If there’s something that sticks in our minds daily, it’s how little the medical community seems to know about the areas in which we work. Sisu is preparing for its first clinical pilot with its portfolio device, Hemafuse, later this year in Zimbabwe. All of our preparations through ISO standards and training regulations have led us to this momentous milestone - putting our intervention into human use.
This device is surgical - meaning that it can intervene during a pivotal moment in an individual’s care. Compared to most moments when autologous blood transfusion occurs, the Hemafuse, as an intervention, will be both more urgent and more evident in terms of results. Its handheld, sleek design reduces both blood flow issues and failure modes from a slippery, gloved hand mid-surgery. In many of the surgical suites that we’ve been in, space is at a premium. Improvements on hospitals and buildings are not keeping up with the increase in patient admittance and population growth, meaning smaller rooms for more people.
This device, as one Tanzanian doctor put it, will eliminate a ‘messy’ and sometimes futile process.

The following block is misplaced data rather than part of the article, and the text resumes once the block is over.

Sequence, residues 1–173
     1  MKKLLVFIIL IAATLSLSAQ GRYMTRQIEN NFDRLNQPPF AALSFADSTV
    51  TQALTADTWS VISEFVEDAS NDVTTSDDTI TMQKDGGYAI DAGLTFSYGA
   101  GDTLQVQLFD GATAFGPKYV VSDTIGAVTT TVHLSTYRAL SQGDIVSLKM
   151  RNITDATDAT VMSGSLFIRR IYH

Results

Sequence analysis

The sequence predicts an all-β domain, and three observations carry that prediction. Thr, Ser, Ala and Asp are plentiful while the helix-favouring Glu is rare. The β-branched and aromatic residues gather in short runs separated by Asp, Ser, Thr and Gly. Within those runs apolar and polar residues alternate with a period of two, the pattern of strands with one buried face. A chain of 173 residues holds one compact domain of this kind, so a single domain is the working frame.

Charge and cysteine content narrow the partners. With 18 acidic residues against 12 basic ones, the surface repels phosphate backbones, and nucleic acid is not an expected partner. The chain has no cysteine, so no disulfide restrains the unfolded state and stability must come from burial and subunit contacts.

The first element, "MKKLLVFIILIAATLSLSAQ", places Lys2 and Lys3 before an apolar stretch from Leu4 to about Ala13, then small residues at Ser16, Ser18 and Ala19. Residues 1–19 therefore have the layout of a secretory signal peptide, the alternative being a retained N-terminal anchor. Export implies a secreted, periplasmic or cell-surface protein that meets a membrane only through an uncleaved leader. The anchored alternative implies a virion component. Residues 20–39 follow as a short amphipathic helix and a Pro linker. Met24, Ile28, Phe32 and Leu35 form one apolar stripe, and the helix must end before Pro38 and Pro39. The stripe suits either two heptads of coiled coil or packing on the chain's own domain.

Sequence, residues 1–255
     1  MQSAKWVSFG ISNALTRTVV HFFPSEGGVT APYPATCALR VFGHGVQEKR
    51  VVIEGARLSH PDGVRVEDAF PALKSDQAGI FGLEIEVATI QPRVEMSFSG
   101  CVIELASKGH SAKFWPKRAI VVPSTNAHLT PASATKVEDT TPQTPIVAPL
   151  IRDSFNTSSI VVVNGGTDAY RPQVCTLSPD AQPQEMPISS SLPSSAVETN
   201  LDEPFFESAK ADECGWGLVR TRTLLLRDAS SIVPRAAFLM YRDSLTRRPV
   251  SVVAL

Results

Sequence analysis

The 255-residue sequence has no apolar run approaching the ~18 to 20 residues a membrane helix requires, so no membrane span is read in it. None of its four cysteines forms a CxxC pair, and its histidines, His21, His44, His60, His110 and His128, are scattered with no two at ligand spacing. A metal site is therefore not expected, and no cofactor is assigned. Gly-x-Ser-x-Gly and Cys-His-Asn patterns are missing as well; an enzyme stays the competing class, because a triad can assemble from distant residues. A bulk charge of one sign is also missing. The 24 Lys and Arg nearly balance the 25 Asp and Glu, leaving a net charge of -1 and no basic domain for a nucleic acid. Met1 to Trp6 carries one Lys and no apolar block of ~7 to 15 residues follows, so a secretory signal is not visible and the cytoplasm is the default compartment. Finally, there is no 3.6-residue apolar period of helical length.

All opinions from these doctors point to the success of this device, however, the glaring fact that autotransfusion, the recycling of a person’s own blood, has been debated solely in Western countries. Of all the published material concerning African healthcare, only 1-2% have contributions from the continent’s own physicians. Additionally, these articles and the repository services that attempt to collect thousands of articles are often not internationally indexed to include African medical papers. They come from a continent that has been performing autotransfusion for years, but whose voices have not been given the mechanism to be heard in the medical community.
Doctors, clinicians, and innovators in these countries need to be heard. Many discussions at US-based and European-based forums expound large statistics or frameworks for short-term humanitarian relief. These are quickly shot through with expert comments - this is not single war or disaster, it’s a daily reality in many places. Concrete plans are sputtered out, but sound naïve. We know so little.
Working with our doctors in Zimbabwe and Ghana, our team is humbled by how much there is to learn. Their input is taken with utmost seriousness and integrated in everything we do. Our goal with this clinical pilot is not only initial results on the device’s performance, but to work with the University of Zimbabwe and National Blood Service in Harare to further a graduate student’s education and enable more publications about the issues of blood access. These are learned professionals with distinct sets of expertise that need to have their research heard across the medical community.